February is National Snack Food Month — so let’s snack healthy

Then-8-year-old Emma Cox eats a carrot with hummus during the last meeting of Generation C, a program that incorporated physical activity and nutritional education held in 2010 at Clearview Elementary School Chanceford Township. Photo by York Daily Record/Sunday News — Kate Penn.

In 1989, some leaders of the snack food industry might have thought cheese curls and cookies weren’t getting enough play. That year, the Snack Food Association and the National Potato Promotion Board deemed February National Snack Food Month.

Flash forward to 2013. Americans are bombarded with unhealthy snack foods every day — to the point where snacking now accounts for 20 percent of a person’s daily intake of food, according to a recent report by the NDP Group.

Heck, we live in the Snack Food Capital of the World. It’s pretty clear, by rising obesity rates and more chronic illness, the last thing we need is the promotion of manufactured junk food.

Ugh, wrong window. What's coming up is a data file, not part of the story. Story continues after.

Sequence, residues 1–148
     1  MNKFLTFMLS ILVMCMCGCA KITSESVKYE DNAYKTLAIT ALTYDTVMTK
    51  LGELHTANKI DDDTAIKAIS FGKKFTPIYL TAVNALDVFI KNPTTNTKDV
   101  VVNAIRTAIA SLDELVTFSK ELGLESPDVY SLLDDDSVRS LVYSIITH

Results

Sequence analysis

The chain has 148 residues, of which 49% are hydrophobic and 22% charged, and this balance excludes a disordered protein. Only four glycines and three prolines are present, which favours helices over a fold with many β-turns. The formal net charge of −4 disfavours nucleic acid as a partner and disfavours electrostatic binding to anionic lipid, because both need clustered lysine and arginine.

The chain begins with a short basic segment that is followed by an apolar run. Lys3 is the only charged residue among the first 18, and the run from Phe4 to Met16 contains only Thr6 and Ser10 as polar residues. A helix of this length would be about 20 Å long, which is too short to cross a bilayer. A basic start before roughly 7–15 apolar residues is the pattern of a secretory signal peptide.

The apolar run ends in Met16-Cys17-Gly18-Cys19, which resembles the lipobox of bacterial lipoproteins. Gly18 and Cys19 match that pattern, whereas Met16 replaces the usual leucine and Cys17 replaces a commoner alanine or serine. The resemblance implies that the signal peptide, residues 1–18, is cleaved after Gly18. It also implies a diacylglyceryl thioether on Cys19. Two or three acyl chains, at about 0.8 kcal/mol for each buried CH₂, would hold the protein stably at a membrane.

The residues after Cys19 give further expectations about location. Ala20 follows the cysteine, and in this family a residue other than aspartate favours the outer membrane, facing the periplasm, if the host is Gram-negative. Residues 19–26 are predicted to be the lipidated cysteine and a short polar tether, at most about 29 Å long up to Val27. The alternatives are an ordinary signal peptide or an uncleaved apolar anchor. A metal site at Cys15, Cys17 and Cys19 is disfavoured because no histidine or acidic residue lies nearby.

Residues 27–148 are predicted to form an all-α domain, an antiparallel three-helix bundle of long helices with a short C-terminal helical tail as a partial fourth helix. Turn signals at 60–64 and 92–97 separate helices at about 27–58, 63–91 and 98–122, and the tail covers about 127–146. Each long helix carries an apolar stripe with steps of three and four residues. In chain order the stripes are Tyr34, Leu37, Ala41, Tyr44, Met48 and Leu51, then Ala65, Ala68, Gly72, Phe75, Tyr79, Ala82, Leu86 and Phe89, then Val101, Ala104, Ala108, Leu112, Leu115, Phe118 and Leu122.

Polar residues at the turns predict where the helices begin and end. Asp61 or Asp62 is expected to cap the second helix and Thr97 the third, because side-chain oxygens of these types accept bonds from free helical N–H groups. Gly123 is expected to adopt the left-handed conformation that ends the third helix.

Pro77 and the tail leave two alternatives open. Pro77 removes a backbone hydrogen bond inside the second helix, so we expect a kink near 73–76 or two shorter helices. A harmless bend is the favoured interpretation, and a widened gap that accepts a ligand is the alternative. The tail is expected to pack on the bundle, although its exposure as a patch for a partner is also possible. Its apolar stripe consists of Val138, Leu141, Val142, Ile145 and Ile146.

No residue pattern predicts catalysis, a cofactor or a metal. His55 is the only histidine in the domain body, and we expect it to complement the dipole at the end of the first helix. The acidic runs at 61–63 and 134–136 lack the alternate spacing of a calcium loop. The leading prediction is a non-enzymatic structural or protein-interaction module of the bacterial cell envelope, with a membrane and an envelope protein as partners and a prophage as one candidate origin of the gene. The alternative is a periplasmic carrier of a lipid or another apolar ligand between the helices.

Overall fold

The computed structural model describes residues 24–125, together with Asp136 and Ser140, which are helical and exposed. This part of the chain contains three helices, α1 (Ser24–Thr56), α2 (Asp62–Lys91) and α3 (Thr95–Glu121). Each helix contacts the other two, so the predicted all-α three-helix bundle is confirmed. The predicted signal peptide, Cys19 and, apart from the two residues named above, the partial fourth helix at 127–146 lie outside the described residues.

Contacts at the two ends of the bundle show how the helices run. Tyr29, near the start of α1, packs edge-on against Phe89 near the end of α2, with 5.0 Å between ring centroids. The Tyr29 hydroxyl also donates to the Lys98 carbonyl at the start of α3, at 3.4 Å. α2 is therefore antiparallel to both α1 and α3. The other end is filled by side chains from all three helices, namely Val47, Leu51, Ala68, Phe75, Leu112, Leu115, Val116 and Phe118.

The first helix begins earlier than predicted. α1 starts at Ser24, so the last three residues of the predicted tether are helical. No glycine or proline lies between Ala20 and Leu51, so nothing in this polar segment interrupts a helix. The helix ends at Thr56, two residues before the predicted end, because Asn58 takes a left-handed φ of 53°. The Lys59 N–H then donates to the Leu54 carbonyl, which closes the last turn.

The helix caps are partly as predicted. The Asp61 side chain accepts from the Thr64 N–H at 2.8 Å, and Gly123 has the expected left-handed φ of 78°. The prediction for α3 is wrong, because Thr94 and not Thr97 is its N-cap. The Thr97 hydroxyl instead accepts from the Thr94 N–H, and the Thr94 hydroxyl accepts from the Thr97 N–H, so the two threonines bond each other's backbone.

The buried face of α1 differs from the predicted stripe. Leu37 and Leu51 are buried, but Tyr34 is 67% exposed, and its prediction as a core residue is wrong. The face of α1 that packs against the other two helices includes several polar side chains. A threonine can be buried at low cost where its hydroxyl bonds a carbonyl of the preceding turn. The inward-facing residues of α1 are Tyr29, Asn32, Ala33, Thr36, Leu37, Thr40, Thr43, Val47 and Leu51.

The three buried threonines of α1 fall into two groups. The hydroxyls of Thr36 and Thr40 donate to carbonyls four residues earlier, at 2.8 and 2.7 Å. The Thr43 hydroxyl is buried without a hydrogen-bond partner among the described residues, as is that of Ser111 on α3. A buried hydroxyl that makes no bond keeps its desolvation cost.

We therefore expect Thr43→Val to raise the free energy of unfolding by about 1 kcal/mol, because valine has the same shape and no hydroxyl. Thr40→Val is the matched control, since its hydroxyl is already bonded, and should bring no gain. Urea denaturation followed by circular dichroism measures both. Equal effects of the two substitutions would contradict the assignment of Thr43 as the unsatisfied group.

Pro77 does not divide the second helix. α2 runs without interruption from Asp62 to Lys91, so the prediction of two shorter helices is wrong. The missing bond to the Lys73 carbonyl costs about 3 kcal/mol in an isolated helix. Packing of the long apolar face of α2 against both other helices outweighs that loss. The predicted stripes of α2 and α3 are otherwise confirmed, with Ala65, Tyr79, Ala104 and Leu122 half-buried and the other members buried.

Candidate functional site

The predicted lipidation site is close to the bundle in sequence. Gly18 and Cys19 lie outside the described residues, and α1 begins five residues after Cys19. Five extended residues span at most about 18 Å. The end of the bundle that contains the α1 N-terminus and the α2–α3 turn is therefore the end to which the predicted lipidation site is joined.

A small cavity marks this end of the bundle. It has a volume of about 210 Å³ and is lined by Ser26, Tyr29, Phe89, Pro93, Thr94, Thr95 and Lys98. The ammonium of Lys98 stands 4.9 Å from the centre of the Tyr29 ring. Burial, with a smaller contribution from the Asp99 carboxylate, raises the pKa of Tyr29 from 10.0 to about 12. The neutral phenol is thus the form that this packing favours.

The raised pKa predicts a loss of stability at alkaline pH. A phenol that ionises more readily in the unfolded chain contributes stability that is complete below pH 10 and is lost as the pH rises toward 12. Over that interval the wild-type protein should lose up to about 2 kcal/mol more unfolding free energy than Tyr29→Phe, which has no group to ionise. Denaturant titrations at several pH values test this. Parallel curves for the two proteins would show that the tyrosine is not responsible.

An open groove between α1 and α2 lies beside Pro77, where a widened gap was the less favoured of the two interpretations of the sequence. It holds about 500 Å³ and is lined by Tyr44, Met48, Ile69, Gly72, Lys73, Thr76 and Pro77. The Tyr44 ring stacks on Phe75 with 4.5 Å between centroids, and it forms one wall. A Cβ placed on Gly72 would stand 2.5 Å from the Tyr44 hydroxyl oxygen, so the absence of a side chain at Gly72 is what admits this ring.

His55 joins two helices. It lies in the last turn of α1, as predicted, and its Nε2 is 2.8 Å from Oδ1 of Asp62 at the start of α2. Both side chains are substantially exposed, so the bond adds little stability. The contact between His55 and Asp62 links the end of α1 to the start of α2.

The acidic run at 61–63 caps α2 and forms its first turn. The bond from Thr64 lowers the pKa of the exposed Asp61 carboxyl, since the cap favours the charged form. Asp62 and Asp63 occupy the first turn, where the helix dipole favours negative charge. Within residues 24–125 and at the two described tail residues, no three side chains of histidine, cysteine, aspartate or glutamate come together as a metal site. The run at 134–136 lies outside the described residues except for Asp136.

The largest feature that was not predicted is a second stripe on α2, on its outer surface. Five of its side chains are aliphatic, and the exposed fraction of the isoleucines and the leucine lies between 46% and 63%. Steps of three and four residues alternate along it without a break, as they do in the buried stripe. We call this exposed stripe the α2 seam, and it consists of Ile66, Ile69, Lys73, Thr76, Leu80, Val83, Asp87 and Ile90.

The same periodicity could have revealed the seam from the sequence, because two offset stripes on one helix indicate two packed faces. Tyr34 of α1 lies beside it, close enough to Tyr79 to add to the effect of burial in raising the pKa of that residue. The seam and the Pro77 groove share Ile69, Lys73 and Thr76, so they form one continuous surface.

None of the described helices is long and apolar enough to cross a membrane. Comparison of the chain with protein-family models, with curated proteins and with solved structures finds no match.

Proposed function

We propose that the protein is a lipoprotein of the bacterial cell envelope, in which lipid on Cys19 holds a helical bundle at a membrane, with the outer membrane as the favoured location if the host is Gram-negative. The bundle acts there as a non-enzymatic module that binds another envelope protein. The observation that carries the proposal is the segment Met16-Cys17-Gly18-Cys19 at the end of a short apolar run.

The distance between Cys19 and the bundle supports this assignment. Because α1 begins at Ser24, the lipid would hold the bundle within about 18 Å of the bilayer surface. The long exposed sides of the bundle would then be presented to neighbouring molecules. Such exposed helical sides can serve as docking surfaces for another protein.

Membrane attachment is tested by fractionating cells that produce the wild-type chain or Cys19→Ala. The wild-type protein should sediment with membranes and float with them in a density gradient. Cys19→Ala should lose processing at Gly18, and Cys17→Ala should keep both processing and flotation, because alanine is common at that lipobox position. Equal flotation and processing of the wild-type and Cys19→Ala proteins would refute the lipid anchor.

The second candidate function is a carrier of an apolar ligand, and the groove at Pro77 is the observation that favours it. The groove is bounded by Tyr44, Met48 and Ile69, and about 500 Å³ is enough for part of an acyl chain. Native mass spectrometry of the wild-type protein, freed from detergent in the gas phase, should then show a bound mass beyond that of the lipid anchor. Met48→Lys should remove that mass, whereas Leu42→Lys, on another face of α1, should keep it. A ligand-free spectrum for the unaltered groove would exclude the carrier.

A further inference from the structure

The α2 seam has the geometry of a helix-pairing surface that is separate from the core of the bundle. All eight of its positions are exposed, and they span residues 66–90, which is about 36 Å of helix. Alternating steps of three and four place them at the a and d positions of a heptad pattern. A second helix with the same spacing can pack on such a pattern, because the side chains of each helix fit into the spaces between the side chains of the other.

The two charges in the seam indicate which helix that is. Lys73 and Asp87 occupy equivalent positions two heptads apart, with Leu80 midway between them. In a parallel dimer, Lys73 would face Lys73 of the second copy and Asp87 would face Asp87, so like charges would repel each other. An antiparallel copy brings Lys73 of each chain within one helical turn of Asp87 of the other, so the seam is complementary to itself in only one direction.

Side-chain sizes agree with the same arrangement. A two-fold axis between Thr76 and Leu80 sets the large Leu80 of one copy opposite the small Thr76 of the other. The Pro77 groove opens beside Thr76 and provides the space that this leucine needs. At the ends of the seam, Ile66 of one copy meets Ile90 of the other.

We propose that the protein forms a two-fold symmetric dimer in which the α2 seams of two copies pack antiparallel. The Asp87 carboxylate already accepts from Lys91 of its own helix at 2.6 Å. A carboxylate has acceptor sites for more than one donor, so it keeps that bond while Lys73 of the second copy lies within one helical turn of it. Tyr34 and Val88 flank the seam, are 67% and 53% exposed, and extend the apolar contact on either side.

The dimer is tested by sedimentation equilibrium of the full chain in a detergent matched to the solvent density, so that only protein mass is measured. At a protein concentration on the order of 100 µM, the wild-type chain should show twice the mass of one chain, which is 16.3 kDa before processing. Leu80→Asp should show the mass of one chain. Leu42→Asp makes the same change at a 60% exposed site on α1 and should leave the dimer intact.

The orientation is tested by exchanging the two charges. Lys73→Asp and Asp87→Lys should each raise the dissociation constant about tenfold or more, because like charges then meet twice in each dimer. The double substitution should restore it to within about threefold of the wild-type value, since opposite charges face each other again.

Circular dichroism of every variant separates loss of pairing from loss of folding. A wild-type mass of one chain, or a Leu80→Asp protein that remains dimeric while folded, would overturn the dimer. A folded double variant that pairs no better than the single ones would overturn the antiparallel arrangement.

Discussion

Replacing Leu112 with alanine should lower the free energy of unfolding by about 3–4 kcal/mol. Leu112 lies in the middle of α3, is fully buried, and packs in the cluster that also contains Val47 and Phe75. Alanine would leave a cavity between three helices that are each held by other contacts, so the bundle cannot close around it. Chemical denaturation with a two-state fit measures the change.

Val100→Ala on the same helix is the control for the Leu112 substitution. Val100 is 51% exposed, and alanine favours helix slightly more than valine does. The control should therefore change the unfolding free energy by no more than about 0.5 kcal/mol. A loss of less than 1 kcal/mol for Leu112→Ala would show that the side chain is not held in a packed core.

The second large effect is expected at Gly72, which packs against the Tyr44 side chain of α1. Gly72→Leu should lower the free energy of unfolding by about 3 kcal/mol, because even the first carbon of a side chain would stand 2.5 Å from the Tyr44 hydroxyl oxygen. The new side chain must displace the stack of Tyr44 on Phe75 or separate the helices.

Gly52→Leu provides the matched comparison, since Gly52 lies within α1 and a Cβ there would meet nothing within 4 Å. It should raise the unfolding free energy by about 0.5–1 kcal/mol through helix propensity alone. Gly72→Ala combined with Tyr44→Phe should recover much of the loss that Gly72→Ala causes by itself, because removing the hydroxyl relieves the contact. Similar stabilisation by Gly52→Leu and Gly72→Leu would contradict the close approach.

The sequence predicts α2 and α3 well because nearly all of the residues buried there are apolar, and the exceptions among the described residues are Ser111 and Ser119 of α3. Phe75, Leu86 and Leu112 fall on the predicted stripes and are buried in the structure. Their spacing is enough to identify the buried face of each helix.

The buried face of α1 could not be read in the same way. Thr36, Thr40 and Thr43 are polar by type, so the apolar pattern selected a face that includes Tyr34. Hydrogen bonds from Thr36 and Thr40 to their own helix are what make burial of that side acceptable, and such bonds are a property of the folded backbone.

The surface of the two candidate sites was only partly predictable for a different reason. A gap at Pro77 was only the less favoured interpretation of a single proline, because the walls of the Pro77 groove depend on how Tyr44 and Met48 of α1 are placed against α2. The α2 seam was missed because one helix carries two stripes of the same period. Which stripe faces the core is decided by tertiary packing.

The aforementioned associations started National Snack Food Month to increase consumption of food products, such as potato chips, at a time when sales were at a lull. So after the Superbowl and a month of holiday treats and before a summer full of picnic foods. Got it.

For today’s busy society, snacking has become a way of life — to sustain our energy in between meals and to avoid overeating at our next meal. If we’re going to celebrate it, let’s do it right.

The NDP Group also reported that fresh fruit is the No. 1 snack among Americans. That’s a refreshing sign.

In honor of National Snack Food Month, here are some foods and tips to encourage responsible snacking.

1. Kelly Marsteller, registered dietitian at Memorial Hospital, said adults should have one to two snacks per day, and children two to three. Snacks should contain fewer than 200 calories.

2. Be sure to take into account serving size to avoid mindless snacking.

3. Reach for fruit. It’s high in fiber — more filling — and low in fat. A serving ranges from 50 to 130 calories, according to the U.S. Food and Drug Association.

4. Food is made up of macronutrients — carbohydrates, fat and protein. Marsteller said to try to pair macronutrients when snacking.

Healthy snacks
1. Peanut butter and celery
2. Low-fat yogurt with fruit
3. String cheese and carrots
4. Hummus on a whole-wheat tortilla
5. Trail mix
6. Low-fat popcorn
7. High-fiber, low-sugar cereal with low-fat milk
8. Turkey with spicy mustard rolled up in romaine lettuce
9. Fruit or veggie smoothie
10. Low-fat veggie dip with mixed veggies, high-fiber crackers

Craving something crunchy, cheesy or breaded? Try this recipe for baked Zucchini Chips.

What’s your go-to healthy snack?

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